New role discovered for a well-known gene in the survival of white blood cells
Researchers have clarified the role of a gene critical for the development of a type of white blood cells, known as B cells, which produce antibodies and serve as a "memory" for the immune system. This finding may open up a new therapeutic avenue for leukemia and autoimmune diseases.
Led by Kong-Peng Lam of the Bioprocessing Technology Institute at A*STAR, the research team used mutated mice to investigate the role of c-Abl, a proto-oncogene which is involved in molecular signaling in a wide range of tissues and has been implicated in leukemia. Earlier studies had shown that c-Abl is essential early in the
development of B cells, but its role later in B cell development was unclear.
The team engineered a mouse in which c-Abl is conditionally knocked out after the early stages of B cell development, allowing immature B cells to form normally. By disrupting the gene only when a B cell became activated by binding an antigen, the researchers were able to decouple the gene's role in the early and late stages of B cell differentiation.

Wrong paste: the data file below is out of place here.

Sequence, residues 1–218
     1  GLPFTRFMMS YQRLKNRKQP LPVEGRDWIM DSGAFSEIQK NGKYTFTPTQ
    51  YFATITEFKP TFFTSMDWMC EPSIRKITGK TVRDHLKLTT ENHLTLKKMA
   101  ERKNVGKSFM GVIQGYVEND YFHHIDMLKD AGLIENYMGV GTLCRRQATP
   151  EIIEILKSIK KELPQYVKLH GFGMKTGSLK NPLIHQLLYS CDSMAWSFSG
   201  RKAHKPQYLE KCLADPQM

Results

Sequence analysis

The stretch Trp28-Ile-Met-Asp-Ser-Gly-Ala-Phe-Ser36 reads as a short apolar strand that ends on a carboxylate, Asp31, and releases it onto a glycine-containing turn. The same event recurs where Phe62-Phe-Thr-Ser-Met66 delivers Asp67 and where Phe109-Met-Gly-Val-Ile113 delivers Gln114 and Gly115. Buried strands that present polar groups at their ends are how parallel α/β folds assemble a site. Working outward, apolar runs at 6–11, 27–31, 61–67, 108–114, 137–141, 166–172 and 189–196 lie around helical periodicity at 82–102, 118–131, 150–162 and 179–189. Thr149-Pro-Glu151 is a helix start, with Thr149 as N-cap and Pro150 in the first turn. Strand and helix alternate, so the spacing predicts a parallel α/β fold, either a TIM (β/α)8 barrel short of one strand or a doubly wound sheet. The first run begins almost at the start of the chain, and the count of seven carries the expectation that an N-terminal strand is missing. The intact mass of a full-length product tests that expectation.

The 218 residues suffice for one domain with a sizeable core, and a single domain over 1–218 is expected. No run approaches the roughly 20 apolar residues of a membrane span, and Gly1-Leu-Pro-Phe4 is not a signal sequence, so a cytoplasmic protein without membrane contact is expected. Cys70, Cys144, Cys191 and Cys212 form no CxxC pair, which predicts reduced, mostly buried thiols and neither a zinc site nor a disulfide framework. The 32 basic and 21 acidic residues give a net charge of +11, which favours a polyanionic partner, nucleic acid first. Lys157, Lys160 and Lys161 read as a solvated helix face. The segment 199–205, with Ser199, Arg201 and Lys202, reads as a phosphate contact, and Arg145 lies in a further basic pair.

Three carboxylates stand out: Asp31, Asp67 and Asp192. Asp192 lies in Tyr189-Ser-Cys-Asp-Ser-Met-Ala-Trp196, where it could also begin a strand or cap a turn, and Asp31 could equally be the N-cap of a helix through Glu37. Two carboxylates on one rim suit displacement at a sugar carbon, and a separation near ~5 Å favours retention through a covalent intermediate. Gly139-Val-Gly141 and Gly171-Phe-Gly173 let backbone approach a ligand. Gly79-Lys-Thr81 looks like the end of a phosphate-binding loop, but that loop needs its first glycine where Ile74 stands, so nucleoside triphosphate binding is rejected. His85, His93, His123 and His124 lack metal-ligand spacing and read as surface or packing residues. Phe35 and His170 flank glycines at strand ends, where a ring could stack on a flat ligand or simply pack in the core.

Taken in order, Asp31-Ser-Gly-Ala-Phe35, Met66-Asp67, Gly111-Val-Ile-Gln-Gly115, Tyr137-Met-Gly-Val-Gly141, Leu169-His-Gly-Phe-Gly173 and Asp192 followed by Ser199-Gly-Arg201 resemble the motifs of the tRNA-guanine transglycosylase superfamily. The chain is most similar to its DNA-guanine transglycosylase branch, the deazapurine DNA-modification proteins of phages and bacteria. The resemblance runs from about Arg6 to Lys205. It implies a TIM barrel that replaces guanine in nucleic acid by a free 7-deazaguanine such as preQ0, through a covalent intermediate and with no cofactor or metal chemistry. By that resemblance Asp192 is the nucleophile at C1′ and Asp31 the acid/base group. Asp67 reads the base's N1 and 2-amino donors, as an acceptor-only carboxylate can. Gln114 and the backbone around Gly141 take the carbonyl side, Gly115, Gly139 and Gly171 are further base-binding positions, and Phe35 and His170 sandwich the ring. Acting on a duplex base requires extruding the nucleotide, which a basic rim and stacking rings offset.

As they mature, B cells develop into several subtypes. While two types of B cells, germinal center and memory B cells, were unaffected by the loss of c-Abl, the team measured lower levels of plasma B cells in the mutated mice, as well as a decrease in specific antibodies.
By growing cultures of immature B cells and stimulating them to mature, the team discovered that the mutated cells could develop into antibody-producing plasma cells, but the cells didn't survive. In the absence of c-Abl, the mutant plasma cells are eliminated via a process of controlled cell death known as apoptosis. When the team also knocked out the apoptosis-related gene BIM, the mutant mice had a normal plasma cell count.
As c-Abl is known to regulate STAT3, a gene which promotes plasma cell survival, the researchers suspected that STAT3 may be involved in the death of the mutated cells. Measurements revealed reduced STAT3 activity in the mutant mice. In addition, the number of plasma cells returned to normal when the team treated mutant mice with Colivelin, which activates STAT3, confirming that plasma cell death occurs via defective STAT3 signaling in the c-Abl mutants.
These findings may shed light on the development and treatment of multiple myeloma, a cancer of plasma cells, as well as the treatment of autoimmune diseases. "Targeting c-Abl could eliminate plasma cells that produce autoantibodies that destroy healthy tissues," says Lam.